• Research in the late 1970s revealed insufficient levels in many areas
crop responses to chloride
Crop Responses to Chloride
  • Chloride has been shown to have an effect on:
    • Root rot and foliar diseases in cereal crops
    • Seed weight at harvest, especially barley, by extending the grain filling period
    • Reducing physiological leaf spot in cereal crops on fields where soil Cl is less than 10 lb/A (24 in. depth)
    • Increasing crop yields
chloride may improve crop yields
Chloride May ImproveCrop Yields
  • ~ 200 university trials in KS, MN, MT, ND, SD, MB, and SK have evaluated Cl response in wheat and barley
    • Included non-responsive and high Cl sites
  • Significant yield response in 48% of trials
  • Average yield response of 5 bu/A
yield boost from chloride depends on wheat variety

12

1996

1997

1998

10

8

6

4

Yield response, bu/A

2

0

-2

-4

-6

Barrie

Cora

Grandin

Karma

Kyle

Yield Boost from Chloride Depends on Wheat Variety
slide34
Once in the soil, all fertilizer sources are the same form as found in the soil (K+). This is the form taken up by plants.

K+

K2SO4

KCl

what happens to fertilizer k in the soil

Slowly

Available K

Available K

Unavailable K

What Happens to Fertilizer K in the Soil?
  • Absorbed by crop in year 1:
    • 20 to 60% of applied K
    • Highest recovery on low K soils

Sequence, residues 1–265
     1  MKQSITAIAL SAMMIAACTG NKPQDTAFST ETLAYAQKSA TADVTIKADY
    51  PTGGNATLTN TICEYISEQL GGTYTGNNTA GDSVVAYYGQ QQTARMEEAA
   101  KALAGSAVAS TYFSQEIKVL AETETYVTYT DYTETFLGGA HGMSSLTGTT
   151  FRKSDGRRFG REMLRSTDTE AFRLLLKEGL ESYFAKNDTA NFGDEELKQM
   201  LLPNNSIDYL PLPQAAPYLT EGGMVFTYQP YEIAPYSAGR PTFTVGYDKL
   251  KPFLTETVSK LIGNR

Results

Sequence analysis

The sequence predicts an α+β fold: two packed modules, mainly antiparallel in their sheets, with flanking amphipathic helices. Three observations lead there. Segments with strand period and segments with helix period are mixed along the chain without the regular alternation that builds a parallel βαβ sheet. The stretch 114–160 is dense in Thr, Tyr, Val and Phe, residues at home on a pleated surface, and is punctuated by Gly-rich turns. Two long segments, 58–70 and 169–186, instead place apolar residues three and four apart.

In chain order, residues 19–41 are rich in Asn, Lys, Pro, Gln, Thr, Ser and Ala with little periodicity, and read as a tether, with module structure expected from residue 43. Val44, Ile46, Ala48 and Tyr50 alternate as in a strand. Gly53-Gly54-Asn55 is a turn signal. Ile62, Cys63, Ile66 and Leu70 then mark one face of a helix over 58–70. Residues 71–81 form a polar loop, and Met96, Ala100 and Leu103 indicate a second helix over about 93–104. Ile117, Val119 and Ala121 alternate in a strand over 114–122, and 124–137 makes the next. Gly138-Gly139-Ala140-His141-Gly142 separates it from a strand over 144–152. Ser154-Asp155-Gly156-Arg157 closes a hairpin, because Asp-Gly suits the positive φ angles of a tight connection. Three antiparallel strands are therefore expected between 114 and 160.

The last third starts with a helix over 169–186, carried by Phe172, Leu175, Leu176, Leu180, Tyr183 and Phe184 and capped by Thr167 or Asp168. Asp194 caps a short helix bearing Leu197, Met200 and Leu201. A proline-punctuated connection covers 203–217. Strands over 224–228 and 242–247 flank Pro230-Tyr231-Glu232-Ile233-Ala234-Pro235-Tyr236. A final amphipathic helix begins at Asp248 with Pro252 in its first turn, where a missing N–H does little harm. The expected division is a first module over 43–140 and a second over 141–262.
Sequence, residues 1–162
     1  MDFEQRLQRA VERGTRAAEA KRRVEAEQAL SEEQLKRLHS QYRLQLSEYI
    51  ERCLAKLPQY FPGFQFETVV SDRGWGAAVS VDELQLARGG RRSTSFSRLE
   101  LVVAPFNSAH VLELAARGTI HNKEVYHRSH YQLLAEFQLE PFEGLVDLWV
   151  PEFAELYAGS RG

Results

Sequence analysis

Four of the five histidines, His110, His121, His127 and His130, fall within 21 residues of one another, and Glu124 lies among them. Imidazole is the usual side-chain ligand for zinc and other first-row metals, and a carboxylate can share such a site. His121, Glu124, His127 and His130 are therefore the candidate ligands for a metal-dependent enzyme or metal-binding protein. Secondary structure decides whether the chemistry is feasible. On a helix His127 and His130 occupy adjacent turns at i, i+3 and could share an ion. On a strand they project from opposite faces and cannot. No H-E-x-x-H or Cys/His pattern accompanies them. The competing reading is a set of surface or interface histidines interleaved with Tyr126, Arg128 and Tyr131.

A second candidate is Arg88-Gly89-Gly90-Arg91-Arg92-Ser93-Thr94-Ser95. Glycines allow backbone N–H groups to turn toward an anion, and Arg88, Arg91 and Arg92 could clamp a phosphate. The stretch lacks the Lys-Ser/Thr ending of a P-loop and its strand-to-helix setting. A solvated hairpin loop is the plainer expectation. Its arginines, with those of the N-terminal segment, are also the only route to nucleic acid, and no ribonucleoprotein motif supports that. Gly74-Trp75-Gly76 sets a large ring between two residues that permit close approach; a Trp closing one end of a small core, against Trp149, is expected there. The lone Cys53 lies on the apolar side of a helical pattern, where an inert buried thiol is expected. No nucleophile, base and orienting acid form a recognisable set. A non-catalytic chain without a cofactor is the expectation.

• Slowly available K (future years):
    • Bulk of remaining K in most soil types
    • Future supply of K
fertilizer k sources
Fertilizer K Sources

Source Analysis

Potassium chloride, KCl 0-0-60 (62)

Potassium sulfate, K2SO4 0-0-50 - 17

Potassium nitrate, KNO3 13-0-44

Potassium-magnesium sulfate,

K2SO4.2MgSO4 0-0-22-22-11

Potassium thiosulfate, K2S2O3 0-0-25-17

barley response to kcl placement and rate

30

Seed row

Side band

25

Broadcast

20

Grain Yield Increase (bu/A)

15

10

5

0

0

15

30

60

90

120

150

180

240

lb K

O/A

2

N and P added to soil test recommendation

SIP Soil Fertility Rpt, 1968

Barley Response to KCl Placement and Rate
safe rates of seed row k application saskatchewan
Safe Rates of Seed Row K application (Saskatchewan)
  • Seed row application of K2O should not exceed(1 in. spread, 6 to 7 in. rows):
    • Cereals – 50 lb K2O/A
    • Canola – 20 lb K2O/A
    • Dry pea – 15 lb K2O/A
  • Combined P2O5 and K2O in the seed row should also not exceed the recommended safe rates for K2O alone

Source: Saskatchewan Agriculture and Food

potassium does not cause roots to proliferate

Corn 17 days old

100

80

60

Proportion of roots observed in K solution (%)

40

20

0

0

20

40

60

80

100

Proportion of roots expected for no K effect (%)

Potassium Does Not Cause Roots to Proliferate
  • Split-root experiment
  • Percent of the total root system on the side with K was the same as that on the side without K
  • Effects of K on root growth may not be localized as is found with P

Classen and Barber, 1977

summary k nutrition in the northern great plains
Summary—K Nutrition in the NorthernGreat Plains
  • K nutrition is critical to crop production
  • Most northern Great Plains soils are high in K, allowing for a net removal of soil K each year
  • Crops take up as much K as N during growth, with only a small proportion removed in grain
  • Where deficient, crop response to K is greatest for barley, followed by wheat and canola
  • Crop responses to muriate of potash (KCl) can be a Cl response
slide43

International Plant Nutrition Institute655 Engineering Drive, Suite 110Norcross, GA 30092-2604Phone: 770-447-0335; Fax: 770-448-0439www.ipni.net

Reference #06111